You have reached your limit of free articles this month.

Enjoy unlimited access to

Starting at just 99¢ for 8 weeks.


  • ePAPER

You have read of premium articles.

Get unlimited access to all of our breaking news, in-depth coverage and bonus content- exclusively for subscribers. Starting at just 99¢ for 8 weeks


Welcome to

This subscriber-only site gives you exclusive access to breaking news, in-depth coverage, exclusive interactives and bonus content.

You can read free articles of your choice a month that are only available on

breaking news

Trump slams CNN after employees resign over retracted Russia story

Opinion: Gwinnett chief’s actions reflect well on a department and profession

Recently released cellphone videos showing two Gwinnett County police officers hitting a man in the face and kicking him in the head while handcuffed set off a firestorm of criticism and condemnation.

The first cellphone video that went viral clearly showed a non-resisting man on the ground with the supervisor who had just finished applying handcuffs. Then, a second officer, presumably his backup, arrived and runs over to the prone man and literally stomps on his face. The second video that went viral showed the supervisor removing the man from his car. The man is seen to place his hands above his head when the supervisor strikes him in the face with his forearm.

Here, the videos of the Gwinnett incident were clear and presented compelling evidence for the police chief to act decisively and without delay. The information both officers wrote in their reports about their use of physical force, coupled with the cellphone videos is imperative to understanding the police chief’s reasoning for taking firm, necessary and quick action to terminate the employment of both officers. With the above facts known, the chief commenced an independent criminal investigation into the actions of the two officers.

The actions taken by Chief Ayers of the Gwinnett County Police Department were administrative and involved departmental policies, procedures, and employment rules. The burden of proof in administrative cases is a “preponderance of the evidence”. This is a much-lower threshold than that required in the prosecution of a criminal case, which is “beyond a reasonable doubt.”

When any chief has clear and convincing evidence of a serious policy violation or violations of the law, they must act swiftly in administrative situations that may cause termination or reprimand. Therefore, the public should understand that not every case of alleged police misconduct can be handled as quickly as it occurred in the Gwinnett case.

A criminal investigation will generally take longer than an administrative or internal affairs investigation. Videos must be more closely examined for they may or may not accurately depict the entire circumstances of the police/citizen encounter. Also, with criminal investigations, witnesses and officers must be interviewed and an investigation once completed is reviewed by a prosecutor.

Using force, even lawful use of force, is not the desired approach law enforcement prefers to use. However, force is lawful when it is necessary, reasonable and furthers a legal police objective. If a person resists a lawful arrest, the officer may then use force to overcome that resistance. Once the resistance stops, the officer’s use of force must also stop.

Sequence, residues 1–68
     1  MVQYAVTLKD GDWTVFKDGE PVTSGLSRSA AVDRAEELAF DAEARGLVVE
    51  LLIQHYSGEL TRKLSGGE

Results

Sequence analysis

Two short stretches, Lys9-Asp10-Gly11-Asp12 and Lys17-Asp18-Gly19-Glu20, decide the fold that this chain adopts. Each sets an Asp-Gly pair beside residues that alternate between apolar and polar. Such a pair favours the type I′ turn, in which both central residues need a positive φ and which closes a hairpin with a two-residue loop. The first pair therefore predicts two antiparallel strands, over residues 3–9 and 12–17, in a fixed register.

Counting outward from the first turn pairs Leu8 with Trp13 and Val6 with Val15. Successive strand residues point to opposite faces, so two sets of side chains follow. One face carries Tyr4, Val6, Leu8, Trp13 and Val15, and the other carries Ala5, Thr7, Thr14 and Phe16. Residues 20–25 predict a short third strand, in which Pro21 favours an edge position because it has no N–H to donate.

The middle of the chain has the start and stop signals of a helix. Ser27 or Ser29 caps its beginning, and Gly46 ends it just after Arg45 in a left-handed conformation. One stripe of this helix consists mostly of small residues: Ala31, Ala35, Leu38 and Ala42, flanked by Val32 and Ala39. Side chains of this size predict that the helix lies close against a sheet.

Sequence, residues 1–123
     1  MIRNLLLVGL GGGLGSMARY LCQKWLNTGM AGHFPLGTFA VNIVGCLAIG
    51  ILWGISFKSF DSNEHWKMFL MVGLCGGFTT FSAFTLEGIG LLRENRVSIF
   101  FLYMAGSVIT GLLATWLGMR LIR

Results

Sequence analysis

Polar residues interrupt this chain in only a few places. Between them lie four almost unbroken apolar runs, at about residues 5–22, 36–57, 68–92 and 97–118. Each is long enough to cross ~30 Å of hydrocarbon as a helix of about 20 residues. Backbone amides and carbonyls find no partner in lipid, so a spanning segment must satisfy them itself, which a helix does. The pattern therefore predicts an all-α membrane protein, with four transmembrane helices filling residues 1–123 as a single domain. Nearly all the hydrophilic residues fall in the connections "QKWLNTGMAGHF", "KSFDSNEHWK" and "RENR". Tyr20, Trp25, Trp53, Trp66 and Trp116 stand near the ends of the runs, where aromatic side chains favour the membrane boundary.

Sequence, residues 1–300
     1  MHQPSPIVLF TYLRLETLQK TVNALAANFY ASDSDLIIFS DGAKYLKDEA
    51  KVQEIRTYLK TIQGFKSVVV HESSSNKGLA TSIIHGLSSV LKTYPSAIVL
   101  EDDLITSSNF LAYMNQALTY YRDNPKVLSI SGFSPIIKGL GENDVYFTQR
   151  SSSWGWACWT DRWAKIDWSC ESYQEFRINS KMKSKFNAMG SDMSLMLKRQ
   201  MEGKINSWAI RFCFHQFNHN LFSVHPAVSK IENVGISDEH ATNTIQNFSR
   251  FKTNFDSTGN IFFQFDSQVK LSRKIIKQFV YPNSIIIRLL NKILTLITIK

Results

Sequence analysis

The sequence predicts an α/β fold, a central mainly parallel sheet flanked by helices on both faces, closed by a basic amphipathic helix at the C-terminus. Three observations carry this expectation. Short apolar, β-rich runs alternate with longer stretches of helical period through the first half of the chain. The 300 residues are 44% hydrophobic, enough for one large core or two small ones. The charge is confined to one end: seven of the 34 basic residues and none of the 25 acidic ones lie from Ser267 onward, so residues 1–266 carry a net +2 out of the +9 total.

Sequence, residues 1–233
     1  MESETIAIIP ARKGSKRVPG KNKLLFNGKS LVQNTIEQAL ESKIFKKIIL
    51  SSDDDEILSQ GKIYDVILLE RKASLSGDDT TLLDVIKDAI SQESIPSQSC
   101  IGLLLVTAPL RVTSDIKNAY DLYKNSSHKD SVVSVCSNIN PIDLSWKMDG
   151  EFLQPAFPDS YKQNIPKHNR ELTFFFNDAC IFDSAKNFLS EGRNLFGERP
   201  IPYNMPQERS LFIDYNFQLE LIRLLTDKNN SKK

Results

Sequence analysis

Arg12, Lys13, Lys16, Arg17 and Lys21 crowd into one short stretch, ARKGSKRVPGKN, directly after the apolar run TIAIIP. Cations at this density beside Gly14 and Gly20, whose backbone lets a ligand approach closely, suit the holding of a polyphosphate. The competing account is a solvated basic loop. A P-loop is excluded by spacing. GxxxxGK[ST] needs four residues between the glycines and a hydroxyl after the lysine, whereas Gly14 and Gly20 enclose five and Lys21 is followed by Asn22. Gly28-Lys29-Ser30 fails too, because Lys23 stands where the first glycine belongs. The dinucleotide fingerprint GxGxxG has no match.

The swift action and statements made by Chief Ayers clarify that such behavior is outside policy and will not be tolerated. The actions taken by Chief Ayers is one reason the Gwinnett County Police Department is deemed to be an outstanding Nationally Accredited and State Certified law enforcement agency.

Police officers in Gwinnett and in countless number of departments across the nation are doing their jobs in a professional and ethical manner. I encourage you to praise our 21st-century centurions for their commitment to professional policing and to the citizens they serve.

Frank V. Rotondo is executive director, Georgia Association of Chiefs of Police.

Reader Comments ...

Next Up in Opinion

New targets needed for immigration enforcement

We are seeing deeper divides in the streets, in protests which are getting more filled with clashes, hate and violence. Much of the division seems to involve skin color, ethnicity and how “American” they are; who is really “American,” and who is allowed to be an “American.”  Over the last decade, the issue of...
Opinion: Highlights (i.e., lowlights) of CBO health analysis
Opinion: Highlights (i.e., lowlights) of CBO health analysis

(AP) The Congressional Budget Office and Joint Committee on Taxation have released their analysis of the Senate GOP’s health-care proposal.
Revered APS principal Stephanie Johnson leaves Maynard Jackson High for state post
Revered APS principal Stephanie Johnson leaves Maynard Jackson High for state post

Over the years, the state Department of Education has either courted or poached – depending on your perspective – some key folks from metro Atlanta school systems. Former state school chief John Barge and current office holder Richard Woods, both from outside the metro hub, reached a bit farther and brought in some rural Georgia educators...
Opinion: A win for religious liberty at the U.S. Supreme Court
Opinion: A win for religious liberty at the U.S. Supreme Court

The empty playground at Trinity Lutheran Church in Columbia, Mo., shown in January 2016. (AP file photo) Monday was a busy day for court rulings, and not only in Georgia.
Readers Write: June 27

With voting also comes responsibility The recent election shows how powerful our vote can be. Our vote is the one thing that candidates strive for and hope to achieve. They court us and almost everything they do during the campaign is to get our vote. The mere thought of losing our vote makes candidates tremble. The power of our vote that was so hard-won...
More Stories